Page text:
What did I do after Roger told me I was fabulous and he’d gladly read anything I wrote? I went home and began writing Bad Trip, which I dutifully took to the studio a couple of months later. When I next found Roger, he was in a nice office and had a secretary. He looked as successful as I looked unsuccessful. He again repeated his spiel to me.
Yes, I went home and wrote yet another screenplay—Cleo de Janiero. I really thought he would go for this one. When I went out to the studio, much to my surprise I found Roger in a very spiffy office with a very personable assistant. In fact, I had to go through two gatekeepers to get to him and his fancy digs. Both Roger and his assistant couldn’t have been nicer to me.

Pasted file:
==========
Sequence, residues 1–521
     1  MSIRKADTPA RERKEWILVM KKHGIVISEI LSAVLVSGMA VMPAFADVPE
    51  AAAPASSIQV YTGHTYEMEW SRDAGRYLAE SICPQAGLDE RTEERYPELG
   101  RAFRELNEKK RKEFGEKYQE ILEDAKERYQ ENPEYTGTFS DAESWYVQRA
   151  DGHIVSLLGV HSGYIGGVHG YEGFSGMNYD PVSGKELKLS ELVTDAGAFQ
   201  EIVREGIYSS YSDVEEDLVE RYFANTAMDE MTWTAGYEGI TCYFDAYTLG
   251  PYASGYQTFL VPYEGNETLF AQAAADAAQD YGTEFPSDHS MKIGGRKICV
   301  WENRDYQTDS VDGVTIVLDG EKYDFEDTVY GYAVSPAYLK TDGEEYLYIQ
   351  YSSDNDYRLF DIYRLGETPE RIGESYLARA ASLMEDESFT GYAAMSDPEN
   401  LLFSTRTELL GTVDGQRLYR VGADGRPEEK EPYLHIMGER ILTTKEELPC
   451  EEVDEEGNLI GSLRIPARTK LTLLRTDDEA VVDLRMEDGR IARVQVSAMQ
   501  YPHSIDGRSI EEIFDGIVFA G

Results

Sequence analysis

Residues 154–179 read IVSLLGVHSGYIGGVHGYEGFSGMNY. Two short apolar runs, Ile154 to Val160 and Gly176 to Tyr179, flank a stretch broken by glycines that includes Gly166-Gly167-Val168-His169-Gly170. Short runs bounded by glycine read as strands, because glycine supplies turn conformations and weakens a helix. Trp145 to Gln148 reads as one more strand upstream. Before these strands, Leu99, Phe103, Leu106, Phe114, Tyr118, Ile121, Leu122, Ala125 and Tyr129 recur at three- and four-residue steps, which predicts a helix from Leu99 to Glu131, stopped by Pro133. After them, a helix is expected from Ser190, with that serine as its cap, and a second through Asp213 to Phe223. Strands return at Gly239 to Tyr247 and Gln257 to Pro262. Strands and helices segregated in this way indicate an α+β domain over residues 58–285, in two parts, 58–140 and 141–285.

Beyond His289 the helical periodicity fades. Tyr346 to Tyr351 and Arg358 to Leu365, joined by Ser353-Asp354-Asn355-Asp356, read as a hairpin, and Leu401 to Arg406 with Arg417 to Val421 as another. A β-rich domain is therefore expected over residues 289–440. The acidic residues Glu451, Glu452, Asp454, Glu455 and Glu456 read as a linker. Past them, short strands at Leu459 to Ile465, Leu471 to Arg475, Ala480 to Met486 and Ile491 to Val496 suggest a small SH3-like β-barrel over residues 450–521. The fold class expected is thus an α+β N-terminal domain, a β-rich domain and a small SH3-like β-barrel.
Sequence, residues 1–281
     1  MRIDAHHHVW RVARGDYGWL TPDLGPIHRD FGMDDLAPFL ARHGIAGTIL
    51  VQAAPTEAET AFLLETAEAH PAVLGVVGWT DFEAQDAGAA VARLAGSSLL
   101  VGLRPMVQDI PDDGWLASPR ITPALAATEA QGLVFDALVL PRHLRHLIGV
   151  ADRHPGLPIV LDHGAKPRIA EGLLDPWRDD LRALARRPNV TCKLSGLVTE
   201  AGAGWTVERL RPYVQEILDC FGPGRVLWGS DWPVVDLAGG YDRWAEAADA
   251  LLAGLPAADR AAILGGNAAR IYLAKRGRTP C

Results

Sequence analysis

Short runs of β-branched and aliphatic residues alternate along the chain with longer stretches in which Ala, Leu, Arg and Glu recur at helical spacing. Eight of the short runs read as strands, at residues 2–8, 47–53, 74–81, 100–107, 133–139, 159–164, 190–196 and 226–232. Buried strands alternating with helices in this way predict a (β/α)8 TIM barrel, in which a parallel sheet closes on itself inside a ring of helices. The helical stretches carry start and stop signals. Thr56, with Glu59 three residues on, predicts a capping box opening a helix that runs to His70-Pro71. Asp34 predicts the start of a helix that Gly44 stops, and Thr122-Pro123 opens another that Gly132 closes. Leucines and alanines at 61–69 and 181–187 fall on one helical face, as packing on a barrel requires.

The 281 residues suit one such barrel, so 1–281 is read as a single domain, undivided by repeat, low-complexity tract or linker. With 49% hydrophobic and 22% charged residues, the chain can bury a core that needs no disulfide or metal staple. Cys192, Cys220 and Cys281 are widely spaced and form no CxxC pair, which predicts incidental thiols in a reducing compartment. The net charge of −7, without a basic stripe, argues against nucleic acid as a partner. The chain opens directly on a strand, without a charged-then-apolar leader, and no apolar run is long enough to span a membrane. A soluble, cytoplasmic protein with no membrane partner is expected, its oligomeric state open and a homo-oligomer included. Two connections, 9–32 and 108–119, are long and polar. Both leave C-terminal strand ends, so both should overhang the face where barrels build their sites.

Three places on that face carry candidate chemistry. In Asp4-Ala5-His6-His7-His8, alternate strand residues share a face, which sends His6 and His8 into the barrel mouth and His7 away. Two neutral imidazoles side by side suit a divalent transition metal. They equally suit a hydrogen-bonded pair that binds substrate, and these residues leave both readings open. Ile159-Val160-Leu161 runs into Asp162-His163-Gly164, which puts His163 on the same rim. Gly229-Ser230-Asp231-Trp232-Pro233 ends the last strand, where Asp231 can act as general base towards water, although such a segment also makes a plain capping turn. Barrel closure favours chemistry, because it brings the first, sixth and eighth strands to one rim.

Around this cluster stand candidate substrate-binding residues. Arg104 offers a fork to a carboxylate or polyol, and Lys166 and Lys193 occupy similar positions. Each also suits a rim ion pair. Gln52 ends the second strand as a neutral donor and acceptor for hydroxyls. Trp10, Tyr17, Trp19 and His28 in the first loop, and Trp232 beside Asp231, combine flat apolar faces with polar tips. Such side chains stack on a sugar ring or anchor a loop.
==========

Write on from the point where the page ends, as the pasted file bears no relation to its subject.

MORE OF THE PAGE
Almost by rote, he began repeating his usual monologue to me of how fabulous a writer I was, etc. etc. I finally stopped him midway in his recitation and asked him how was it I got poorer each time I came out to see him and he got richer. He smiled at me as though I had not a scintilla of a brain and said proudly, “I always say no.”
I replied, “Excuse me?”
He replied as though he were talking to an orangutan and said, “I never accept anything. That way I never can be at fault for costing the studio money. They think I am doing a bang-up job.” I could have socked him but I took my manuscript and left.
A couple of years later I noticed in the trades that Roger was now one of the big wigs at the studio—vice president or something like that. So, is that how one gains success in Hollywood? Saying no?
Let’s do a little analysis in the next blog. Okay.
(If you’re reading this from Facebook then you should know I have a new website where you can read more about Roger. Click here to see the new website.)